November 26, 2:13am: A Testimony, by VANESSA GARCÍA ‹ Cuba Counterpoints
November 26, 2:13am: A Testimony, by VANESSA GARCÍA
We had to park on a side street and walk because Calle Ocho was so congested. Our goal: Versailles Restaurant, which we knew would be the epicenter – the glowing ember that was reverberating out through all of these red brake lights, lined up, like an impressionist painting. One car after another, the people inside longing for community, for their fellow Cubans to celebrate with.
The soundtrack: Wooden and metal spoons against pots and pans of every color. Pots and pans that had been lifted from stove tops and pantries on the way out the door, for music. Because of course there had to be music. Timbales, claves, drums made out of buckets. Horns accenting chants: Viva Cuba Libre! An old man with a liberty bell, clanging like his life depended on it – because it had (for so many years). “Libertad! Libertad!”
The most common brushstroke: Floating flags swaying: American, Cuban, Venezuelan (in camaraderie). A smattering of orange balloons, I can only imagine were left over from a party — orange-copper, color of flame, starred – some of them escaping, scraping past hands, up toward the sky.
And then, every once in a while, like small ditches, there were pockets of sadness – little black holes where the censure and repression and death still crept, so used to hiding out they didn’t know where to go now. Tired kids holding their parent’s dreams, not quite understanding, but feeling-through what all of this might mean. Smiles, laughter, tears; rage, hope, and despair.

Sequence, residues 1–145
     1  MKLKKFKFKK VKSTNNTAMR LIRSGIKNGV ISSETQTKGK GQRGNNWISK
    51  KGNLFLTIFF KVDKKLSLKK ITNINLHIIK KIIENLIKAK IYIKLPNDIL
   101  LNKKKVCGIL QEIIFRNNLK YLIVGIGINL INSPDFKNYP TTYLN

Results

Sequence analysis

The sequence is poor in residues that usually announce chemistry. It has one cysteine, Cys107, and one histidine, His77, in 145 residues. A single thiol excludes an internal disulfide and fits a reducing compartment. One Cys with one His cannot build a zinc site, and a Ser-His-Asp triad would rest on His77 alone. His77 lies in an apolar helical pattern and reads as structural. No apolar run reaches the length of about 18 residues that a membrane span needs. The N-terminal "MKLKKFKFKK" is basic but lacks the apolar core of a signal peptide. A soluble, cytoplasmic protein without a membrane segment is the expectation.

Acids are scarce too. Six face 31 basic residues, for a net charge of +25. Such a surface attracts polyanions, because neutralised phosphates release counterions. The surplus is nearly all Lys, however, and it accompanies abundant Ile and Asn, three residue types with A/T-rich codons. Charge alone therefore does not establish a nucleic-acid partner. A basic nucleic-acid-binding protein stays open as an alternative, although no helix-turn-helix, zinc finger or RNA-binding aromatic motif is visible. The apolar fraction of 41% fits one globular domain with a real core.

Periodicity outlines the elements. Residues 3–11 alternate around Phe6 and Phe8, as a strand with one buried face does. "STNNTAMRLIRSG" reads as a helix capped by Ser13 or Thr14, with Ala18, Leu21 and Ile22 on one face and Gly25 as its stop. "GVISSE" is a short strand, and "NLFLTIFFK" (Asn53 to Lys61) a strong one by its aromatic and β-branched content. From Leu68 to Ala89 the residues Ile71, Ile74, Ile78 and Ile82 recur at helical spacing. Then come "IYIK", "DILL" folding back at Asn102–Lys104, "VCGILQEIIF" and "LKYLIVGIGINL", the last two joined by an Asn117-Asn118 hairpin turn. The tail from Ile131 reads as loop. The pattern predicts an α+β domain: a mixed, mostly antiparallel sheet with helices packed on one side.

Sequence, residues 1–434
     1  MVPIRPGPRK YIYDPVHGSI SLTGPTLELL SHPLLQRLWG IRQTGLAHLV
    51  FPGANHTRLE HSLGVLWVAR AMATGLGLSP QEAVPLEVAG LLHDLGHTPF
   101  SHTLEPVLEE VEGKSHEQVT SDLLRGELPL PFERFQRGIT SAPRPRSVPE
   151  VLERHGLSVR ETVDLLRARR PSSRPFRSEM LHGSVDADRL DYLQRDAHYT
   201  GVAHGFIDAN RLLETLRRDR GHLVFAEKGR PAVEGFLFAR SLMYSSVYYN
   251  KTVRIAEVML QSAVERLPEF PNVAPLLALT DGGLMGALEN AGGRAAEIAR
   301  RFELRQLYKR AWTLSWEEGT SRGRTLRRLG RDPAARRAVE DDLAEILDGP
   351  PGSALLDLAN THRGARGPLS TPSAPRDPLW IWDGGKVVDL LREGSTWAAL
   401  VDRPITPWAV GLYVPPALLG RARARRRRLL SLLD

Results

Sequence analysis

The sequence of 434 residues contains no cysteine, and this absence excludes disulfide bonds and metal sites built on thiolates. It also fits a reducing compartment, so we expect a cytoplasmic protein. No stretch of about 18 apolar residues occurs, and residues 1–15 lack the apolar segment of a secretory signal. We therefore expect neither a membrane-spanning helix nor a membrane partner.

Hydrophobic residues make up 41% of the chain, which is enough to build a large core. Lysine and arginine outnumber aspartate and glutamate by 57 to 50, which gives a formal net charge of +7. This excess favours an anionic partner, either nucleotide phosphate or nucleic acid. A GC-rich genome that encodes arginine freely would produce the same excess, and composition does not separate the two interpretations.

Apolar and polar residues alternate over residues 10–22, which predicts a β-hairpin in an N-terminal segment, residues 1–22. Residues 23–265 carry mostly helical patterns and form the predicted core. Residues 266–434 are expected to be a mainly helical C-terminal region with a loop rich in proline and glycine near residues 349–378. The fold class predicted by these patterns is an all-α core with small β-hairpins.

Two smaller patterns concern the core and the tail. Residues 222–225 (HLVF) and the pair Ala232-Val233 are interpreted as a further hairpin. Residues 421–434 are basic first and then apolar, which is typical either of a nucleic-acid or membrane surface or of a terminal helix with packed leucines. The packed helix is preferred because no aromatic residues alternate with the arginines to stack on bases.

As an American Born Cuban (ABC), this is a mythic moment – a moment the exile community that raised me has longed for, for nearly six decades. In my mind now, however, a kind of emptiness marks the occasion – a basket for the catching of this news, this celebration: Fidel Castro’s death. I circle the crowd like a dreidel. My fiancé turns to me and asks: “Are you ok? You’re not crying?” He knows I’m usually a fountain – tree sap, I confess. But not now. The first phase of grief, perhaps – shock? Grief not for the death of Fidel, but for all those that had lost an island – had been forced to flee by sea or land – through the Florida Straits and the Amazon. Some of them never to look back, others like Orpheus, forever reaching backward, forever losing. For those that had died at sea, trying to get out of the pressure cooker. Out no matter what, floating like those copper balloons, some swallowed by sharks or by the water itself, out of Cachita’s hands.
I spent my childhood watching Cubans wash-up onto South Florida’s shores. 500 a day during the worst of times, that “Special Period,” marked by hunger – the end of Soviet subsidies to Cuba, a final chokehold on the lizard-looking landmass after the fall of The Berlin Wall. Risking it all, gasping for air on inner tubes the size of pool floats, people leaped toward freedom. Boats made of cars, rubber, wood, anything that would float, take them out of Havana, Cienfuegos, Santiago, Camagüey.
All of this swims in my head as I drift, out on the street, no pots to hold or play – only a camera. It’s too soon to really clarify all this, too soon to tell what the merengue we are making will turn out to taste like.
My grandmother said it best when my mom told her what had happened. “Me siento extraña,” she said. “I feel strange.” For an entire generation on the island there is no reference point for change. For an entire generation outside the island, there is no reference point for our lives without Fidel, that real and imaginary figure, reshaped in Miami – Enemy #1. No wonder we spin, and spin. The hope is that once we stop spinning, we’ll still be able to find our North Star.